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This map shows the latest spread of reported cases of coronavirus

The number of reported coronavirus cases continued to grow, with more than 2,600 people dead and some 79,000 people around the world sickened, the vast majority in mainland China, researchers at Johns Hopkins said Monday.

But that's just the number of reported and confirmed cases from an outbreak that has posed a series of challenges for researchers trying to collect reliable data on the spread and severity of the new disease.

"There is no way to get everything," said Dr. Este Geraghty, chief medical officer at ESRI, a mapping software company that is working with researchers at Johns Hopkins University to map the outbreak. "We're always going to have things missing in the data."

Some researchers believe the actual number of coronavirus cases may be much higher that the reported data, a concern that has been highlighted by various changes in reporting methods used by Chinese officials.

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About fifty cases have been confirmed in the U.S., including in Arizona, Washington state, Massachusetts, Illinois, Wisconsin, Texas and California. Many of these cases are former passengers of the Diamond Princess cruise ship who are now in quarantine or hospitals in the United States.

Dozens of airlines around the world have announced cuts or cancellations in service to Chinese destinations, citing safety concerns or a drop in passenger demand.

Coronaviruses are a large family of viruses that usually infect animals but can sometimes evolve and spread to humans. Symptoms in humans include fever, coughing and shortness of breath, which can progress to pneumonia.

Physicians recommended basic hygiene, including washing hands with soap and water and avoiding touching eyes, nose or mouth.

The previously unknown, flu-like coronavirus strain — now known as COVID-19 — is believed to have emerged from an animal market in Wuhan, a city of 11 million in Hubei. A group of scientists said last month that snakes, particularly the Chinese krait and the Chinese cobra, may have been the source of the virus. But officials from the World Health Organization cast doubt on that theory, saying there was "no conclusive evidence."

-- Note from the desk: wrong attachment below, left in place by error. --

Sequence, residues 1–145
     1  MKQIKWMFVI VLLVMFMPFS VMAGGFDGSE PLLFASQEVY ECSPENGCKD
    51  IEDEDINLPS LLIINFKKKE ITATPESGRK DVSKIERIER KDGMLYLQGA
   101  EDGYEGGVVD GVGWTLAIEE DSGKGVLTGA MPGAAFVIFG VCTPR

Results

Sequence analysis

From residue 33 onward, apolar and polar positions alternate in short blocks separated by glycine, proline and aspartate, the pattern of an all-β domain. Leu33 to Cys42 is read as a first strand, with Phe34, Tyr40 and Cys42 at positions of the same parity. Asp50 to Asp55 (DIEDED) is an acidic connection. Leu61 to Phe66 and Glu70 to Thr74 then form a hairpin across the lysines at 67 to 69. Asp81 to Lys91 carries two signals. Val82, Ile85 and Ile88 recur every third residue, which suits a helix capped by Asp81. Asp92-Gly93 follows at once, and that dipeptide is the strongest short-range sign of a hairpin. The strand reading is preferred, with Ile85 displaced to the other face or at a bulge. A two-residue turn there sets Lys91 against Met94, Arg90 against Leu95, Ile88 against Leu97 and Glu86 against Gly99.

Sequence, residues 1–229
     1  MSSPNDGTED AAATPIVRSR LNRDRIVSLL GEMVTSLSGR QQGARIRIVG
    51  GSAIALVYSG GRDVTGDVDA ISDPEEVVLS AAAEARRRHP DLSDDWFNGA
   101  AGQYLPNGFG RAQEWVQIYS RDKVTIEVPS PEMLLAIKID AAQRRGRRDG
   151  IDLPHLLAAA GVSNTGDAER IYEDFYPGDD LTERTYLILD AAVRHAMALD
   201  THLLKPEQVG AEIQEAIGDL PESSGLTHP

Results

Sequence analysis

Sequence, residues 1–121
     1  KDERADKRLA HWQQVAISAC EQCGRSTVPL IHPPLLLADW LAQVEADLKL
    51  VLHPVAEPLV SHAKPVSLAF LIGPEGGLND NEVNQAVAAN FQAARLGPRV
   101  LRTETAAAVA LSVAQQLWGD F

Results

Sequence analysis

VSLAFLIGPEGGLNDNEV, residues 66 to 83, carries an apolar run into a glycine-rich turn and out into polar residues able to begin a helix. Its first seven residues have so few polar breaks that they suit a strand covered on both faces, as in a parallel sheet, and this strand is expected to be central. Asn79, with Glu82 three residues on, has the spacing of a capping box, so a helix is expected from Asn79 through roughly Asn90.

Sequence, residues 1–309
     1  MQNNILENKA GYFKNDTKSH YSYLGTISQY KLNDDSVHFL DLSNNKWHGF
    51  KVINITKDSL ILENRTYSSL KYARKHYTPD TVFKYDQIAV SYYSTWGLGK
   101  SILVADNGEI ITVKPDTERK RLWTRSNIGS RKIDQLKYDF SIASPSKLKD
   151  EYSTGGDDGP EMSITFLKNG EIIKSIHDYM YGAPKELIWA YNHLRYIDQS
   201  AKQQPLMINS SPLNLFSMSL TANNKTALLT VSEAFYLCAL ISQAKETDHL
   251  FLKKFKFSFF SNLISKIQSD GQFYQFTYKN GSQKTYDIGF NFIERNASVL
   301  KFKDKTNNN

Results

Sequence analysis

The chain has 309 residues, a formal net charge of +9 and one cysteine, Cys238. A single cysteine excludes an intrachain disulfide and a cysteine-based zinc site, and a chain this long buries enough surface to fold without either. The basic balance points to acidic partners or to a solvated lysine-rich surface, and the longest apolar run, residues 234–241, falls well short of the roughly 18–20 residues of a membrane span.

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The challenge of data collection in any outbreak starts from the moment someone contracts the targeted illness. Some of those infected may be reluctant or unable to go to a hospital or clinic; those cases will go unreported until they do so. Others may have been infected with the disease and show no symptoms — but may still be able to transmit the virus to others.

One reason for changes in reporting new cases: a shortage of test kits in some areas means that health workers have to resort to other methods of confirming that an illness was caused by the coronavirus.

"A number of countries are just beginning to get testing capability, said Dr. Tom Inglesby, director of the Center for Health Security at the Bloomberg School in a recent panel discussion. "So in some places in the world they would not have had a chance to know whether there was disease in that country yet."

When a patient presents at a hospital or clinic with symptoms, each diagnosed case is entered into a running tally from that location and then sent to a central reporting agency, according to Dr. Caitlin Rivers, a senior scholar at the Johns Hopkins Center for Health Security. But that data may pass through several layers of government agencies; not all countries use the same system for collecting national statistics.

The result may be a difference in the time it takes for those cases to show up in the provincial or national totals.

"When people get sick especially in the context of a new outbreak, it takes a while to move them through the detection pipeline and the diagnostic pipeline," she said. "So just because we saw a big influx in cases today, it doesn't mean those people got sick today, but they probably got sick recently."

That's another reason some researchers believe the number of coronavirus cases may be heavily underreported. Some estimates based on computer models suggest there may be five times as many cases as have been reported, according to Inglesby.

— Reporting by Berkeley Lovelace Jr. John Schoen; data visualizations by John Schoen. Reuters contributed.

Correction: In an earlier version of the map on this, the data for cases of deaths and recoveries were inverted. The map has been corrected.